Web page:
Staple crops like rice, maize, and wheat feed over half of the global population, but they are increasingly vulnerable to severe environmental risks. The effects of climate change, including changing temperatures, rainfall variability, shifting patterns of agricultural pests and diseases, and saltwater intrusion from sea-level rise, all contribute to decreased crop yields. As these effects continue to worsen, there will be less food available for a rapidly growing population.
Mary Gehring, associate professor of biology and a member of the Whitehead Institute for Biomedical Research, is growing increasingly concerned about the potentially catastrophic impacts of climate change and resolved to do something about it.
The Gehring Lab’s primary research focus is plant epigenetics, which refers to the heritable information that influences plant cellular function but is not encoded in the DNA sequence itself. This research is adding to our fundamental understanding of plant biology and could have agricultural applications in the future. “I’ve been working with seeds for many years,” says Gehring. “Understanding how seeds work is going to be critical to agriculture and food security,” she explains.
Laying the foundation
Gehring is using her expertise to help crops develop climate resilience through a 2021 seed grant from MIT’s Abdul Latif Jameel Water and Food Systems Lab (J-WAFS). Her research is aimed at discovering how we can accelerate the production of genetic diversity to generate plant populations that are better suited to challenging environmental conditions.
Genetic variation gives rise to phenotypic variations that can help plants adapt to a wider range of climates. Traits such as flood resistance and salt tolerance will become more important as the effects of climate change are realized. However, many important plant species do not appear to have much standing genetic variation, which could become an issue if farmers need to breed their crops quickly to adapt to a changing climate.
In researching a nutritious crop that has little genetic variation, Gehring came across the pigeon pea, a species she had never worked with before. Pigeon peas are a legume eaten in Asia, Africa, and Latin America. They have some of the highest levels of protein in a seed, so eating more pigeon peas could decrease our dependence on meat, which has numerous negative environmental impacts. Pigeon peas also have a positive impact on the environment; as perennial plants, they live for three to five years and sequester carbon for longer periods of time. They can also help with soil restoration. “Legumes are very interesting because they’re nitrogen-fixers, so they create symbioses with microbes in the soil and fix nitrogen, which can renew soils,” says Gehring. Furthermore, pigeon peas are known to be drought-resistant, so they will likely become more attractive as many farmers transition away from water-intensive crops.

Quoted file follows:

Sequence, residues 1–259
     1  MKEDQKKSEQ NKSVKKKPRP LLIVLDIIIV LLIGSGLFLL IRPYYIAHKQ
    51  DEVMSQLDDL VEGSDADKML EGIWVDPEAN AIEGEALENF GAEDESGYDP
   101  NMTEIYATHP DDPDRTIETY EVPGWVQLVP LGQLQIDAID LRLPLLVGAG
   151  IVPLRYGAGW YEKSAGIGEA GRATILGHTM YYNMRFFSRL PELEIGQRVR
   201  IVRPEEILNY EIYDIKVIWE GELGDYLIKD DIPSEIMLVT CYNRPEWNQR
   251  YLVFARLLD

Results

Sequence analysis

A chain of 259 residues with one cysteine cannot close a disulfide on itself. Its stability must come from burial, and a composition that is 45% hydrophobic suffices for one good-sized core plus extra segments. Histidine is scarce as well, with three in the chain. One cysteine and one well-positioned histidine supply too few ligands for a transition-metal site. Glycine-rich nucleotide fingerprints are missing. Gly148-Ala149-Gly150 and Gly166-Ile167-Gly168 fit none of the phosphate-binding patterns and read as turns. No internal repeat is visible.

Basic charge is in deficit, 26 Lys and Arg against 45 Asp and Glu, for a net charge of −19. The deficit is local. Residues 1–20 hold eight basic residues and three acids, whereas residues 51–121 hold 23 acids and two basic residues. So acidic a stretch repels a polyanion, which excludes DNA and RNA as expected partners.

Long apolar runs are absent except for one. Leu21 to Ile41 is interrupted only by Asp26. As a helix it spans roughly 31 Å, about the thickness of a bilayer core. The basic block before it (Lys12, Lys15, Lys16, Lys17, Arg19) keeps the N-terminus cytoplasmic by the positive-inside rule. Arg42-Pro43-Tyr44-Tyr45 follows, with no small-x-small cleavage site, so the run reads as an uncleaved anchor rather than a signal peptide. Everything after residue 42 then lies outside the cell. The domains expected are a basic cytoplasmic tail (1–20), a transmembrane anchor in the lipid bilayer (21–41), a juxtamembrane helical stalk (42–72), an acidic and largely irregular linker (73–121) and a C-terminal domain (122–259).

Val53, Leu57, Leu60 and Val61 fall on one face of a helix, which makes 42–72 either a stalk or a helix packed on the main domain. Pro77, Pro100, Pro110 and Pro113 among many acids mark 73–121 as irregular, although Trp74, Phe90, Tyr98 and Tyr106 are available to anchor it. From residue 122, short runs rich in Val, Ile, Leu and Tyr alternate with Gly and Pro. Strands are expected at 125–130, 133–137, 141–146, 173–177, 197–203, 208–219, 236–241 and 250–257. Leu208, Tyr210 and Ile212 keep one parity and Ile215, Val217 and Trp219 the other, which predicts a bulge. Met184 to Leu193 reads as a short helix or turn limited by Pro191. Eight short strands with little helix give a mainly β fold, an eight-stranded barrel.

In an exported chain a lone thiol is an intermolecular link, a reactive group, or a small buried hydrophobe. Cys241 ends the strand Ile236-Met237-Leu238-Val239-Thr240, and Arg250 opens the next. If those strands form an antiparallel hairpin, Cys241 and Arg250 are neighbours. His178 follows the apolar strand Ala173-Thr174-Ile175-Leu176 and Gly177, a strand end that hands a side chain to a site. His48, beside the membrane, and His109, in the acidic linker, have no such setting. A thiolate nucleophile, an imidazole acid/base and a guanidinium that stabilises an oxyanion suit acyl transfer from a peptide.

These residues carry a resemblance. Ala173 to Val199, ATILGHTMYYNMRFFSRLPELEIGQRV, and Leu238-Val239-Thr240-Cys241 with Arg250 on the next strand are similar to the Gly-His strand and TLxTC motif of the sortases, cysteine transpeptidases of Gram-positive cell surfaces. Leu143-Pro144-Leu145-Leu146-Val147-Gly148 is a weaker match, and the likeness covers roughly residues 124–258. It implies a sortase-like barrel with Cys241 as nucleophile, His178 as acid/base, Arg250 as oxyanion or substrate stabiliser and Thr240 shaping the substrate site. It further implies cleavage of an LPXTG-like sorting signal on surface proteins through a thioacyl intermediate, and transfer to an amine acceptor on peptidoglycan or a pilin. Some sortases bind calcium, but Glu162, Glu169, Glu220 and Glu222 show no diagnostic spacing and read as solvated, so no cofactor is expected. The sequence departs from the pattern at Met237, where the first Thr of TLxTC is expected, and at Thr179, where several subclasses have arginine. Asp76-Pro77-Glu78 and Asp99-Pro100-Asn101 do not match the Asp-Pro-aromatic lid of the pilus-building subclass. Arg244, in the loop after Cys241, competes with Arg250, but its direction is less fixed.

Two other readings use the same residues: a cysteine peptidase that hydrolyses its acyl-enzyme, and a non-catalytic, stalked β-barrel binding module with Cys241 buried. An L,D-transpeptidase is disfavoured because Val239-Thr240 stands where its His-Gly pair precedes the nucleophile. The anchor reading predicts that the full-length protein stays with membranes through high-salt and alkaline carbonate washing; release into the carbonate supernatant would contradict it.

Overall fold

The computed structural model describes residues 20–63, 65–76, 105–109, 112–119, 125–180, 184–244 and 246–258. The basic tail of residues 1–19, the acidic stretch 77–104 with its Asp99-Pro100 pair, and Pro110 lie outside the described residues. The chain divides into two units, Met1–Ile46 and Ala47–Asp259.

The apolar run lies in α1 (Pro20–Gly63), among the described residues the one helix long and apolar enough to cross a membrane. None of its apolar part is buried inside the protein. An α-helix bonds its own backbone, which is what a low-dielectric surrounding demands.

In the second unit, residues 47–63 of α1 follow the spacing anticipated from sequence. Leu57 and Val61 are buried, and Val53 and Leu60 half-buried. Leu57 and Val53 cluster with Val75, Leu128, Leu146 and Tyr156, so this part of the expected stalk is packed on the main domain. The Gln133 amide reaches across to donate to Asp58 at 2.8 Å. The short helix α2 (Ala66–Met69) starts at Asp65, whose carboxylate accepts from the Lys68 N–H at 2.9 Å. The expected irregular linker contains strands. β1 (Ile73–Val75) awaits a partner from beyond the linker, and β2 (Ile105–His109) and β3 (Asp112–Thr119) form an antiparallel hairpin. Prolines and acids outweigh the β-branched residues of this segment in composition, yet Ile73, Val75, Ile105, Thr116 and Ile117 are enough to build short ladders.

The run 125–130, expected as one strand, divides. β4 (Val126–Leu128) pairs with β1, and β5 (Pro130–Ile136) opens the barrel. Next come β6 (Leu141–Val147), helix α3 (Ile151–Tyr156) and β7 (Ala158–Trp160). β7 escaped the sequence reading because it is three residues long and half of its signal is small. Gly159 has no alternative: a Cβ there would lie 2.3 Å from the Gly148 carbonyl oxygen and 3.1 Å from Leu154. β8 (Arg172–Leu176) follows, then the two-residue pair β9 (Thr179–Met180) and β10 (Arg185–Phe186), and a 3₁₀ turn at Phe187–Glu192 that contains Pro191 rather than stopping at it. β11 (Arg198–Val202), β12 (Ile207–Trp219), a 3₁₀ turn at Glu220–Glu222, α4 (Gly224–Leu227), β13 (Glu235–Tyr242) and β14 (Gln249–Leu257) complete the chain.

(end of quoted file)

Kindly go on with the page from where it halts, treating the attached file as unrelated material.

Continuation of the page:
Developing a strategy
Using the pigeon pea plant, Gehring began to explore a universal technology that would increase the amount of genetic diversity in plants. One method her research group chose is to enhance transposable element proliferation. Both human and plant genomes are made up of genes that code for proteins, but large fractions of the genome are also made up of transposable elements. In fact, about 45 percent of the human genome is made up of transposable elements, Gehring notes. Transposable elements can make multiple copies of themselves, move around, and alter gene expression. Since humans and plants do not need an infinite number of these copies, there are systems in place to “silence” them from copying.
Gehring is trying to reverse that silencing in plants so that the transposable elements can move freely throughout the genome, which could increase genetic variation by creating mutations or altering the promoter of a gene — that is, what controls a certain gene’s expression. Scientists have traditionally initiated mutagenesis by using a chemical that changes single base pairs in DNA, or by using X-rays, which can cause very large chromosome breaks. Gehring’s research team is attempting to induce transposable element proliferation by treatment with a suite of chemicals that inhibit transposable element silencing. The goal is to impact multiple sites in the genome simultaneously. “This is unexplored territory where you’re changing 50 genes at a time, or 100, rather than just one,” she explains. “It’s a fairly risky project, but sometimes you have to be ambitious and take risks.”
Less than one year after receiving the J-WAFS seed grant, the research project is still in its early stages. Despite various restrictions due to the ongoing pandemic, the Gehring Lab is now generating data on the Arabidopsis plant that will be applied to pigeon pea plants. However, Gehring expects it will take a good amount of time to complete this research phase, considering the pigeon pea plants can take upward of 100 days just to flower. While it might take time, this technology could help crops withstand the effects of climate change, ultimately contributing to J-WAFS’ goal of finding solutions to food system challenges.
“Climate change is not something any of us can ignore. … If one of us has the ability to address it, even in a very small way, that’s important to try to pursue,” Gehring remarks. “It’s part of our responsibility as scientists to take what knowledge we have and try to apply it to these sorts of problems.”